walk in the word
Likewise, you who are younger, be subject to the elders. Clothe yourselves, all of you, with humility toward one another, for “God opposes the proud but gives grace to the humble.” Humble yourselves, therefore, under the mighty hand of God so that at the proper time he may exalt you (1 Peter 5:5–6, esv).
This is an awesome truth: God opposes the proud. The particular brand of pride Peter is referring to in his letter is refusal to submit to an authority in our lives—a boss, coach, mentor, elder, teacher, pastor, spouse.
Why do we get bent and rebellious? Because someone else is in control, and we’re not. Because an authority’s expectations grate on us, and we want to choose our own way. Because we want specific things to happen in our lives, and those things are not happening. So we get rebellious and think, I will make it happen. I’ll take control and get what I deserve, and no one is going to stop me.
“An attitude of rebellion will never take you to a good place.”
That’s pure rebellion. Consider the underlying problem: When you resist authority and refuse to submit, you have become overly focused on the human authority in your life. Behind that person is God. When you proudly resist human authority, God Himself will oppose you—which is a terrifying, sobering thought. He ensures your attitude of rebellion will never take you to a good place.
You might protest, “But my situation is different. What’s happening to me is so unjust. I’m being treated unfairly. It’s not right.” You may be correct, but that doesn’t change God’s answer: “Humble yourselves, therefore, under the mighty hand of God so that at the proper time he may exalt you” (5:6). Clawing your way to a position of success or opportunity may seem appealing, but it is far more rewarding to wait, trust God, and see Him put you in that place. Then you know with certainty He wanted you there.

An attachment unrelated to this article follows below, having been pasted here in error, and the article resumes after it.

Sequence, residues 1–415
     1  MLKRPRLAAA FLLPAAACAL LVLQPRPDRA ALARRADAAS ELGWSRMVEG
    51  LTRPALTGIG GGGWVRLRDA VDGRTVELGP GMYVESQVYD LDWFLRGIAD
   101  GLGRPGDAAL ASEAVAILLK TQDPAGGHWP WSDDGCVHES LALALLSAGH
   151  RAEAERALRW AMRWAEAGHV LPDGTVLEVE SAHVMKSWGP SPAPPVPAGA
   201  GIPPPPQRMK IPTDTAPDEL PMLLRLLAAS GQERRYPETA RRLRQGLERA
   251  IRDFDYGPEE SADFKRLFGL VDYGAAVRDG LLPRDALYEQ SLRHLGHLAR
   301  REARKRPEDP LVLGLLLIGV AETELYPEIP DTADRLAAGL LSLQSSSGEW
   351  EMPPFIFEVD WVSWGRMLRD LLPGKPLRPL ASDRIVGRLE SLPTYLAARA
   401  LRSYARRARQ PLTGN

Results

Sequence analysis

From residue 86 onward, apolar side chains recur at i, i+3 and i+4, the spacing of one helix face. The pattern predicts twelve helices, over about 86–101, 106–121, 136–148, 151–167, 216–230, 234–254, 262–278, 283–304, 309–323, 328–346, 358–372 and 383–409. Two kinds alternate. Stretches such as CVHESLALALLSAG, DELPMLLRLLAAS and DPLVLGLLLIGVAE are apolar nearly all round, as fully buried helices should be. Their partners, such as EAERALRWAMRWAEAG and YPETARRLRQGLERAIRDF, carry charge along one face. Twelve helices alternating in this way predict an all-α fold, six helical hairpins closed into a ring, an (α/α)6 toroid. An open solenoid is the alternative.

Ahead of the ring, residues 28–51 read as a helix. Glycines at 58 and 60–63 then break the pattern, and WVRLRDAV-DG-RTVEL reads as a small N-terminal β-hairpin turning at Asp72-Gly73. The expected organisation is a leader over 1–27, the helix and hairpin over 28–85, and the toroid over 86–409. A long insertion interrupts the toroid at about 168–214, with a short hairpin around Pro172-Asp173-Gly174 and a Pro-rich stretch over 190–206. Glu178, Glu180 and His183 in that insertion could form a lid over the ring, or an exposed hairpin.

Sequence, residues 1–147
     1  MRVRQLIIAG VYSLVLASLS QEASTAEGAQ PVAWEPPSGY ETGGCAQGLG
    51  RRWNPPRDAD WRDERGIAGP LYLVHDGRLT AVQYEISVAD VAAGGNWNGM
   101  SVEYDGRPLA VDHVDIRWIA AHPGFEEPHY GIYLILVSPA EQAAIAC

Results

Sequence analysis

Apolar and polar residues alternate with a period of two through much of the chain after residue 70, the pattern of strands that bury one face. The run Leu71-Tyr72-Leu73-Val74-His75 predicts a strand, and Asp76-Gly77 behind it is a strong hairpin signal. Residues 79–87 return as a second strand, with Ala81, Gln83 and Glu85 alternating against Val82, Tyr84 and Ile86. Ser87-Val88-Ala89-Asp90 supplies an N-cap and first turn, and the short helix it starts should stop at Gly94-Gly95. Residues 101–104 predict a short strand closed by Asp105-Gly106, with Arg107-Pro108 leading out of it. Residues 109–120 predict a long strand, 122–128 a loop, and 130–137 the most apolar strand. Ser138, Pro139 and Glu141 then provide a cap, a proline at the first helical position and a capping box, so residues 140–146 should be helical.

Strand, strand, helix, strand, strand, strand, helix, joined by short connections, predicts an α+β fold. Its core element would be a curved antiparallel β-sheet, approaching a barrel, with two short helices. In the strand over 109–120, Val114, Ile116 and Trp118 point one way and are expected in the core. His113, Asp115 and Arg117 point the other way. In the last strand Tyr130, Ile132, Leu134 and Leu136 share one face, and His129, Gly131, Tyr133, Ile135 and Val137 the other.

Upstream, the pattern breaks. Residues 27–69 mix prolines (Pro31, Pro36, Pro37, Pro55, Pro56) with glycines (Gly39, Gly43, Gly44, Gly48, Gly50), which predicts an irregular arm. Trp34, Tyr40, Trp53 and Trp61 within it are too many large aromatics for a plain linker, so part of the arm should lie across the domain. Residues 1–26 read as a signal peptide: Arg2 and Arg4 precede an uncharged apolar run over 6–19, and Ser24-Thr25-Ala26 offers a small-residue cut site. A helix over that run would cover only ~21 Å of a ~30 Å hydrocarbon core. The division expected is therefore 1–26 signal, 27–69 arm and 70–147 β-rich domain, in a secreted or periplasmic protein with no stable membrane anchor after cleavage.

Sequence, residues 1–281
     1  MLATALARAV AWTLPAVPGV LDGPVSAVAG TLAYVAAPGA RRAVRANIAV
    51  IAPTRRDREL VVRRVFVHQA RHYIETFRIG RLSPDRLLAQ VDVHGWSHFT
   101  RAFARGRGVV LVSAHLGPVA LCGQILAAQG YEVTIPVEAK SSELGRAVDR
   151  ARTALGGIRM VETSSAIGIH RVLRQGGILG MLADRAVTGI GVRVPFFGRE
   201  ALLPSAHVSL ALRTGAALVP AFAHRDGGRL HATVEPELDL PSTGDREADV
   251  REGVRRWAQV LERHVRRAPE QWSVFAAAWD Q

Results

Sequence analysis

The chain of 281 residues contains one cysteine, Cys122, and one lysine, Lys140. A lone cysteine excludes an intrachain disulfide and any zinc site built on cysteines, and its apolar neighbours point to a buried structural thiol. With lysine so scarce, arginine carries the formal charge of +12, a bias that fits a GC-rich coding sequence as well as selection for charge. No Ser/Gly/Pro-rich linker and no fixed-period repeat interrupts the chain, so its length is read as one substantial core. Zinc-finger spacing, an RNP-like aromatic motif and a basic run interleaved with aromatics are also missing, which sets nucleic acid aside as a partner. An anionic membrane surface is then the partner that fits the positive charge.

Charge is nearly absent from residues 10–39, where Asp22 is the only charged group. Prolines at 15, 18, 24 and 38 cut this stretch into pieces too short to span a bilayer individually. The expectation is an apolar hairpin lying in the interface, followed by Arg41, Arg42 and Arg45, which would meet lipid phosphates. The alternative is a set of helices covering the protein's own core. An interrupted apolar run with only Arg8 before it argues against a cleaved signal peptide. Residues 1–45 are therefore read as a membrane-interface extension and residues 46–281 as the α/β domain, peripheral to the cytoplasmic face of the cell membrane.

At some point, we all have to deal with someone in authority who is unreasonable. If we bear up under unjust suffering, we receive favor from God (1 Peter 2:19–20). But if the problem is our own fault, God is not commending us for hanging in there. More likely He’s thinking, I wish they would stop rebelling. It would save them so much pain and bring us closer together. We find favor with God when we endure for the right reasons—and submission invites His favor.
God loves heartfelt, willing humility. When He sees you bearing up under injustice with a submissive spirit, get ready to be blessed. The Lord instructs you to submit and honors you when you do. As you reflect on the history of your life, you will likely see a pattern: seasons of struggle when you have chosen to submit to difficult authorities, followed by abundant favor and blessings from God.
Have you found this pattern of struggle, submission, blessing to be true in your life? With God, the way up is down. The next time an authority grates on you, rather than demanding your way, try submission. Remember, when you submit to a human authority, you are submitting to God—who opposes the proud, and gives grace to the humble.
Lord God, I admit I like my own way too much. Though it feels easy to submit to some people sometimes, I find it very hard to submit to _____. Please help me to see that when I submit to that person, I’m really submitting to You. I choose to humble myself and wait for You to lift me up—at the right time, in the way You have in mind. Thank You for Your grace. In Jesus’ name, amen.
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